Late Summer Reading

Late summer reading collage

Unity in the Church or The Principle of Catholicism. By Johann Adam Möhler. (Washington, D.C.: Catholic University of America, 1996). 487 pages. $34.95. ISBN: 978-0-8132-2876-1.

Commentary on Thomas Aquinas’s Treatise on Law. By J. Budziszewski (New York: Cambridge University Press, 2014), 475 pp.

Living the Truth in Love: Pastoral Approaches to Same Sex Attraction. Edited by Janet E. Smith and Father Paul Check (San Francisco: Ignatius Press, 2015) 360 pages; ISBN 1621640604

Finding True Happiness: Satisfying our Restless Hearts By Robert Spitzer, (San Francisco: Ignatius, 2015).


Unity in the Church or The Principle of Catholicism. By Johann Adam Möhler. (Washington, D.C.: Catholic University of America, 1996). 487 pages. $34.95. ISBN: 978-0-8132-2876-1.

Johann Adam Möhler’s masterpiece, Symbolik, was first published in 1832. Fifteen years later, its English translation (Symbolism) appeared. It remains a great theological synthesis reflecting the sane Catholic balance of polar opposites (Gegensätze) which influenced such thinkers as E. Przywara, R. Guardini, and Y. Congar. But Möhler’s first publication of genius, Die Einheit in der Kirche, had to wait 171 years for an English translation. Although it lacks Symbolism’s majestic synthetic overview of Catholic theology, this work rewards reading. Writing on the cresting spring tide of Romantism, Möhler did not spare Enlightenment theology and its Baroque predecessor. He attacked dry, theological abstractions which fail to capture the dynamic spiritual vitality engendered in the Church by the Spirit. This study of patristic theology, especially the first three centuries, led him to stress the experiential, historical reality which is the Church, a unity of love in the Spirit. The Church’s faith lives from the Spirit who animates her throughout history, unites all believers, and guides her development. Authority is primarily the experienced life of the Spirit, not imposed from without. The Church’s hierarchical institution is the external expression of her interior life. Seeds planted at her origin germinated and fructified as she confronted heresies and the vicissitudes of history. In this way, Möhler answered Protestant claims that Scripture does not support Christ’s establishment of the hierarchical Church. Indeed, Scripture alone fails to provide the full truth of Christian revelation. Tradition existed before Scripture, produced Scripture, and authenticated Scripture. Consequently Scripture cannot be legitimately understood apart from tradition, the living gospel, which remains Scripture’s interpretative norm. While studying the early Church’s unity in diversity, Möhler implicitly maintained an anti-Protestant polemic since the major sin against faith is the revolt of the individual that lacerates Christ’s Body.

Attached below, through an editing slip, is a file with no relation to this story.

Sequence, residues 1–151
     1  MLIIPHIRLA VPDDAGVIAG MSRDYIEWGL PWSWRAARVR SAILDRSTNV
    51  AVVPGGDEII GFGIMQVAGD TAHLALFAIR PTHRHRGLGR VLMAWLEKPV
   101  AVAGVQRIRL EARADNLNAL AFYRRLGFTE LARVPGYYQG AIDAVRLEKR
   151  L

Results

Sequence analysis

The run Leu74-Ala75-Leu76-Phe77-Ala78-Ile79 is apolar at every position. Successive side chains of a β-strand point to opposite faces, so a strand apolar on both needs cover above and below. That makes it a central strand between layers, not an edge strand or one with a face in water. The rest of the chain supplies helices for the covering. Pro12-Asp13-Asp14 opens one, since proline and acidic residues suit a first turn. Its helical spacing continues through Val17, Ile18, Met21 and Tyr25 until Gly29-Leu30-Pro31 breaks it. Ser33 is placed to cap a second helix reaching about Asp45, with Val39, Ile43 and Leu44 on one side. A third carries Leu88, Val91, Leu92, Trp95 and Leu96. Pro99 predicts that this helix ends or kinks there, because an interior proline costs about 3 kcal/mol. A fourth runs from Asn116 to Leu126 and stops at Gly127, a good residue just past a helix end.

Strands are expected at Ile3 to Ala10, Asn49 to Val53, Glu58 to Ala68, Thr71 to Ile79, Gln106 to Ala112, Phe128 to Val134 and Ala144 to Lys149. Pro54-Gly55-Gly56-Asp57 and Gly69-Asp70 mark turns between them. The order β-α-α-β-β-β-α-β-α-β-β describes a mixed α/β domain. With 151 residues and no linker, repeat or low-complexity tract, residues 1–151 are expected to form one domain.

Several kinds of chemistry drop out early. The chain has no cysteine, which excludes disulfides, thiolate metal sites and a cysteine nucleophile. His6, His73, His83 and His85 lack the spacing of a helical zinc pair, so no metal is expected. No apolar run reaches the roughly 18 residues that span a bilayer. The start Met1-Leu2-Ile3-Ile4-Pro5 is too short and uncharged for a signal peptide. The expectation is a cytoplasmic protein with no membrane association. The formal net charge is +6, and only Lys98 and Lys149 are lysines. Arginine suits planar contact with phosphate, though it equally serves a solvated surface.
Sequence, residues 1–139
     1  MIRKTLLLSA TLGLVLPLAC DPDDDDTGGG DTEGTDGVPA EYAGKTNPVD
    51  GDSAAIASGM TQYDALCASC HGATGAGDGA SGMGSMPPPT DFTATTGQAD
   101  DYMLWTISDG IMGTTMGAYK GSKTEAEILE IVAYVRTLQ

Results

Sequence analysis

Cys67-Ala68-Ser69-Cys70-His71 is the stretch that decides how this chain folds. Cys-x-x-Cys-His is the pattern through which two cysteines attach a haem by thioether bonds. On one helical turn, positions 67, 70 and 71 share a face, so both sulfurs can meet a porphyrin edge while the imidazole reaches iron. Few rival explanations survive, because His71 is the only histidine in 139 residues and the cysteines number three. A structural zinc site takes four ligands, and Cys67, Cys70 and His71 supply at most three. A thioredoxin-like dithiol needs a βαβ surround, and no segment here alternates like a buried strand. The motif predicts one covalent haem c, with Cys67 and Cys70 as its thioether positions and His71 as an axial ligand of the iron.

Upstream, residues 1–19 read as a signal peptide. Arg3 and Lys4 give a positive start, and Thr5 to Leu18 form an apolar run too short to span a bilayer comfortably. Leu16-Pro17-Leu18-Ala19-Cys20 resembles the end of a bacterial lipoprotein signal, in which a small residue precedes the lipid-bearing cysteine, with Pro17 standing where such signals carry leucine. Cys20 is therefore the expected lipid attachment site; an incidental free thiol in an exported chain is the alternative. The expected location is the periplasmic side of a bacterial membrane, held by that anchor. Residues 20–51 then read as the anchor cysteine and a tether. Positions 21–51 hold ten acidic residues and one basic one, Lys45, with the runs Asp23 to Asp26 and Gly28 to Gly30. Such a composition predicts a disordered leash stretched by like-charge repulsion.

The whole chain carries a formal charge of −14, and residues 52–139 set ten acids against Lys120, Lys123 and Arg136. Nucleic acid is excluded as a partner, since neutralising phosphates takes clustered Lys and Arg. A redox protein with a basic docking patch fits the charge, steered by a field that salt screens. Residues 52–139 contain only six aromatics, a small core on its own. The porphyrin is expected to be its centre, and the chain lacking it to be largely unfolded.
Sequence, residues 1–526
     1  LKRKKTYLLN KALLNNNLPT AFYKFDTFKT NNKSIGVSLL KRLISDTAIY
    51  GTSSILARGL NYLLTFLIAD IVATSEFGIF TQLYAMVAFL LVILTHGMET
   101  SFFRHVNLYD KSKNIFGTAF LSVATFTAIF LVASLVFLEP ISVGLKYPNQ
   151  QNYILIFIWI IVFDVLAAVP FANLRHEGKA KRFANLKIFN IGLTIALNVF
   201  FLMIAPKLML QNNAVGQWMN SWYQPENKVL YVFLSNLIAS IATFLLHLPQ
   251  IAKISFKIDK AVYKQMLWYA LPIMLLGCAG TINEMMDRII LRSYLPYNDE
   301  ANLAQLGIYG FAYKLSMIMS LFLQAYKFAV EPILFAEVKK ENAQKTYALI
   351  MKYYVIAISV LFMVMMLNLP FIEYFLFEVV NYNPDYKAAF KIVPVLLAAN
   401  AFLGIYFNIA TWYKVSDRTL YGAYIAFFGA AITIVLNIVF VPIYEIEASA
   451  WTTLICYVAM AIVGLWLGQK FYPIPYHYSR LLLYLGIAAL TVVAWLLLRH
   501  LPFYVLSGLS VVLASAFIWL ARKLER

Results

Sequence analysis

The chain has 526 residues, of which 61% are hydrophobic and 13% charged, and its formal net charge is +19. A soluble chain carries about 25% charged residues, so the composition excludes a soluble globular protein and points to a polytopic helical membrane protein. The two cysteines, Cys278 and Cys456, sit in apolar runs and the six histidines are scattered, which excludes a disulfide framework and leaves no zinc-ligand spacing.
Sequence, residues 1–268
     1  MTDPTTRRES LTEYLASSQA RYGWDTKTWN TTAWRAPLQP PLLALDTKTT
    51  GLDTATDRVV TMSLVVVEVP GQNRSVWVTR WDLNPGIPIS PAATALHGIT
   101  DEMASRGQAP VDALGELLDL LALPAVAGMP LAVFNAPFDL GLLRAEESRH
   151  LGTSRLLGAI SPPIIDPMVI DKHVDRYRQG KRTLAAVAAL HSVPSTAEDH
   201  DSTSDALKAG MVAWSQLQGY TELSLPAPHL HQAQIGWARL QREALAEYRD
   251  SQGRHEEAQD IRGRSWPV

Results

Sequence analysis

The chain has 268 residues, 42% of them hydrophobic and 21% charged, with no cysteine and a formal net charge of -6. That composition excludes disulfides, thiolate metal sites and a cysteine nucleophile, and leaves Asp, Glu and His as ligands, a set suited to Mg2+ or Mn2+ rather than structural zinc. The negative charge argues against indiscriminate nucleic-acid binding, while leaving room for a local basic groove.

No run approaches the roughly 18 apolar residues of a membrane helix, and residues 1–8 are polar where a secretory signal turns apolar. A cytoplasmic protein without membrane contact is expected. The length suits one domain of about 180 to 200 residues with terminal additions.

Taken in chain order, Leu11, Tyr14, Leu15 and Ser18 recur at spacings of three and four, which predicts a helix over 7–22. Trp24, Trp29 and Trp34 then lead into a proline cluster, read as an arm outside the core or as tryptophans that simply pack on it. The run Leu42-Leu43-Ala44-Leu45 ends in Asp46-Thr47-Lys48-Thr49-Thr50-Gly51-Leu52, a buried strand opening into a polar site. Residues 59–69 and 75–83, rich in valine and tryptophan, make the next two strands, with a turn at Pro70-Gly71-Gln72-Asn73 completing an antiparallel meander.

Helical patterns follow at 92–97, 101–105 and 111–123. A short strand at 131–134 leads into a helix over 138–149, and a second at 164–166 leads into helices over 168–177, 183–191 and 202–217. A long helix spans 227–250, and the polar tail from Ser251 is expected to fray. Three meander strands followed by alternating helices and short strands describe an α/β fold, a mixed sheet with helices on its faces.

Möhler anticipated by 20 years Newman’s essay on doctrinal development, and by 34 years Darwin’s Origin of the Species. Historical evolution permeated the intellectual ambient of the early 1800s as a result of the French Revolution, Romanticism, Herder, and Hegel. Kant so perfectly formulated the Enlightenment project that its glaring inadequacy instigated multiple attempts to escape the prison of static, finite rationality. A startling similarity exists between Romantic theology’s catchwords and slogans of the post-Vatican II transcendental theology; both called for a vital, dynamic, experiential, pastoral theology from below. Symbols and sacraments manifest the Church’s inner life, just as the body manifests the soul. Especially in Christ “symbol and context, signifier and signified, belong together as sacrament” (200, 212). Yet Möhler’s theology did not devolve into chaotic pluralism. Whereas transcendental Thomism starts with the individual’s desire for truth that the beatific vision alone satisfies, Möhler’s turn to history, and his enthusiasm for the early Fathers, led him to realize that the Church, as a living, organic whole, precedes all individuals. Hence, the norm of faith and Christian life is not individual experience, but the whole Church’s life and testimony. The Church bears witness to the divine life and love within her. Similarly, although the problem of establishing norms for dogmatic development is implicit in Möhler’s attack on abstract theological propositions —dogma is “always defective” (111)—and his claim that knowledge of God is only attained in Christ (not by abstract arguments: 168-73), he avoided today’s intellectual relativism because he referred always to the Church’s preaching and the necessity of dogma to explain her interior life. The Church experienced Christ and His Spirit and passed on a message about them. Furthermore, his later mature reflections in Symbolism recognized the need for balance between dynamic and static elements, between individuals and concrete universal, between nature and grace, sin and redemption. This insight saved him from one-sided exaggerations, and led him to acknowledge the complexity of the Christian message with all its vital, polar tensions. Symbolism likewise revealed a greater appreciation of Scholastic theology and its categories. The two works do not contradict each other since Unity already referred to various contraries (translated “antitheses” by Erb), as between tradition and Scripture, worship and dogma, which should be held in dynamic tension (194-98). Where the earlier work reveals the dynamic life manifesting itself in the Christian message, the later masterpiece identifies the ongoing polar structure that perdures through historical change.